Without realistic robot skin, robots will never have that humanlike personal touch, and will not have the degree of social acceptance that we all want robots to have.
"Touch is important in social interactions. Social touch are all those instances in which people touch each other, when shaking hands, when giving a pat in the back as a sign of congratulations and even in high-fives. Unless some form of alternative greetings are invented in the future, the typical social touches exchanged among humans may likely remain even with social robots...
Yet, one should not easily assume that humans will be comfortable with the idea of shaking an artificial hand made from a stiff material and can grip with a force that can reach up to 100 Newtons. In addition to the appropriate controls for a safe handshake grip and other forms of social touch, humanlike skin softness would be a reasonable requirement for the sociable robots envisioned to directly interact with humans in a social setting.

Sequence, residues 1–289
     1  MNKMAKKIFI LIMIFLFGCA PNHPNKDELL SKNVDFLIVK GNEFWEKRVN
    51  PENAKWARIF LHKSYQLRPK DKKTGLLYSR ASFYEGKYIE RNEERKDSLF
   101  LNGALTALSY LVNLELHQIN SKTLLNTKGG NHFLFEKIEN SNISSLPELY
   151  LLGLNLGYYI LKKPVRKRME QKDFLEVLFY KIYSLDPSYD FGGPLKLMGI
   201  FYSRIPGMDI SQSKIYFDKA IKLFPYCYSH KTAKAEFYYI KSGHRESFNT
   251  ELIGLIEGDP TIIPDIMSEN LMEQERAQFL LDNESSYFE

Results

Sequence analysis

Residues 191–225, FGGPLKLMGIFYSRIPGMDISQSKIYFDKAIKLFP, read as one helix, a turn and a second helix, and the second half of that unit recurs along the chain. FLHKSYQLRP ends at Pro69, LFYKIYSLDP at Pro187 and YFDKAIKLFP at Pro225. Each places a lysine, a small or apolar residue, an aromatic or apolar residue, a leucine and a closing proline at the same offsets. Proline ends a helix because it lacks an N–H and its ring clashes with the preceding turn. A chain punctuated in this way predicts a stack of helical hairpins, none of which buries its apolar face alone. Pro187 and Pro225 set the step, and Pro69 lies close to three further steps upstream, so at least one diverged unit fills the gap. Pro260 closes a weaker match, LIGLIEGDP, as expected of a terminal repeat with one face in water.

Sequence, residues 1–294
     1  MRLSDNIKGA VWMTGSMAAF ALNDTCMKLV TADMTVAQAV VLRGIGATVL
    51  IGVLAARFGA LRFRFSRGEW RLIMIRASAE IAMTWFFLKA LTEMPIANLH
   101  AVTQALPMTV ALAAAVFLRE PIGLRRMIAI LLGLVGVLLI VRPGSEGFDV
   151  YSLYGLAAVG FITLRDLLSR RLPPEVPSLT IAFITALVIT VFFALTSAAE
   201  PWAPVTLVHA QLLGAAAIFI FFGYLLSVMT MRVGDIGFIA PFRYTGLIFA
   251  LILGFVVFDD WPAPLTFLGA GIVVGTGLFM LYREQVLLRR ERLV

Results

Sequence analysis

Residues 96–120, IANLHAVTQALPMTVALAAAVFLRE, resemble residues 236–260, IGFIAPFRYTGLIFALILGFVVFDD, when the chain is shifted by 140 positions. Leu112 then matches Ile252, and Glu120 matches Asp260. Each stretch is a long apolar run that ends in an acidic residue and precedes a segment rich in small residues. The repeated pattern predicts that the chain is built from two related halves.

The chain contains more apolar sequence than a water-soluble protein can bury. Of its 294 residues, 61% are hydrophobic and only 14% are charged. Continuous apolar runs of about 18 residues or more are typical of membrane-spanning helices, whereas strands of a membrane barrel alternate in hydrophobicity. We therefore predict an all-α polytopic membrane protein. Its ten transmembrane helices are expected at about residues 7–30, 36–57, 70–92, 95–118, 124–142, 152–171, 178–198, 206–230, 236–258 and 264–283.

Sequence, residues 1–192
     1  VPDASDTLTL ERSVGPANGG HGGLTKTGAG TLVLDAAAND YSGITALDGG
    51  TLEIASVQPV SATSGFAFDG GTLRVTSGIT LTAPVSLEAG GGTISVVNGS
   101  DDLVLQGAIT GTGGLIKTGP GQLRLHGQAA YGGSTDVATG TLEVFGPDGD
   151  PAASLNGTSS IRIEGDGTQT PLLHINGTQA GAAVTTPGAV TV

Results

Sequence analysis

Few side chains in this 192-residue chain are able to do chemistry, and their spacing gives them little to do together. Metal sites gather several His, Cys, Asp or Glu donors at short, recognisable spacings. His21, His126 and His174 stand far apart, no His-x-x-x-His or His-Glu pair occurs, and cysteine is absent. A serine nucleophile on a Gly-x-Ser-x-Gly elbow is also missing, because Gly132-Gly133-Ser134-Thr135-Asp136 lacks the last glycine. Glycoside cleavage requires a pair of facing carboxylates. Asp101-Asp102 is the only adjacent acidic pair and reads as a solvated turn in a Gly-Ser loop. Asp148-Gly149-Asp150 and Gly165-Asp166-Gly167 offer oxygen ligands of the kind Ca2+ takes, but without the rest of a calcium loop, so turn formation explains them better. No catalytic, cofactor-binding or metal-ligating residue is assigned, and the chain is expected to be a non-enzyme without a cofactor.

Human skin has properties that are not easy to replicate in synthetics. The authors of the paper identified three specific qualities that must be replicated to give that genuine human skin feeling:
The degree to which skin can be deformed by a force.
The degree to which the shape of skin conforms to an object that it touches or rests upon.
The difference between the way it deforms and then reforms - how force applied to skin is dissipated.
Yes, yes - I know what you're thinking. What about good old silicone and polyurethane? The authors test these simplistic skin substitutes and find them wanting. Take a look at their skin materials testing machine.